Yellow toy workmen inside a perplex vacuum cleaner – nature should abhor that. But it is also a metaphor for working life.
Come Here and See That by Julian Di Martino at 69 Smith St. is a fun exhibition. So much fun it should be in the Comedy Festival; there are lots of sculpture making visual puns and other word play with a sardonic tone. Providing salt to rub into life’s wounds.
Following in the tradition of Barry Humphries’s Wobboist (Dada) objects, like “Pus in Boots” (1953). These are assemblages with humor, like the tower of 73 caulking nozzles stolen from Bunnings hardware. Rectified readymades are constructed from found or everyday supermarket materials like tomato sauce squeeze bottles. The plastic tomato sauce bottles become birds. Julian is also plays with the symbolism of primary colors used in these objects, a reminder that Julian is a visual artist and not a prop comic. Although describing the objects and their titles feels like explaining a joke. (The objects are not given high art prices $40 – $900)
Julian Di Martino transforms the supermarket ordinary world into a series of jokes. You don’t get a lot of loud laughs in an art gallery. It was hard to take it all in at the crowded opening on Saturday but you could tell from the way that people looked in at Julian’s objects from the front window of 69 Smith that they were enjoying it.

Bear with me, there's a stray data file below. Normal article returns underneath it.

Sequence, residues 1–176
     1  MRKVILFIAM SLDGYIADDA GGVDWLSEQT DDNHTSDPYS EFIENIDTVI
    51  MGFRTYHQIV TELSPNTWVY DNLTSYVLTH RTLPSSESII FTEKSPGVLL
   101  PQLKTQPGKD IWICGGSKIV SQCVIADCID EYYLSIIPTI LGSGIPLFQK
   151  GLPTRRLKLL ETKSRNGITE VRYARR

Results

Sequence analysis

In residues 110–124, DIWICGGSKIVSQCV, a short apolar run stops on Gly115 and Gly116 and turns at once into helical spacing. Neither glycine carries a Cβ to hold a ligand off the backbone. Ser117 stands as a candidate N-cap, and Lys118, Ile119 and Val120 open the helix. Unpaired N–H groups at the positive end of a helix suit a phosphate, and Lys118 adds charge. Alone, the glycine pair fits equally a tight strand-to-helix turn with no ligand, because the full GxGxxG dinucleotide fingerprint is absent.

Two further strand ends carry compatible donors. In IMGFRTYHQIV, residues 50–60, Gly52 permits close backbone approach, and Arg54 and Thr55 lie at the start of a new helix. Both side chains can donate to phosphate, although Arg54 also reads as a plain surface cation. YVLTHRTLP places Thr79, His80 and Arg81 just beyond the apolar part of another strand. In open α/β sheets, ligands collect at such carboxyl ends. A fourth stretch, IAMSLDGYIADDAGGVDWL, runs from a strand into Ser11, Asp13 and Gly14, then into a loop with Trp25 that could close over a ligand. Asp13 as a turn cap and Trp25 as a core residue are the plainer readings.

I’ve known Julian Di Martino for years; we are old drinking buddies. Julian when he is not at home studio in his converted shop in North Coburg can often be found gallery sitting at 69 Smith St. Julian is one of the founding members of 69 Smith St. Come Here and See That is a return to the style of object making from Julian’s first exhibition at Yuma Ya Gallery in Collingwood (Yuma Ya Gallery then developed into 69 Smith Street).